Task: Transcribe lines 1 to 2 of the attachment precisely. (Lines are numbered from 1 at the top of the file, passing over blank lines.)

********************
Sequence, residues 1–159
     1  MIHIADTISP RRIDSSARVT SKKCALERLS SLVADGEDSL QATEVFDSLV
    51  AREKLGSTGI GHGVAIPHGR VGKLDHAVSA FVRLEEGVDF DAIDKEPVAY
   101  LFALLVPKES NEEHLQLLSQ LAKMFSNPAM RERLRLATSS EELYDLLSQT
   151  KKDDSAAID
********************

Sequence, residues 1–159
     1  MIHIADTISP RRIDSSARVT SKKCALERLS SLVADGEDSL QATEVFDSLV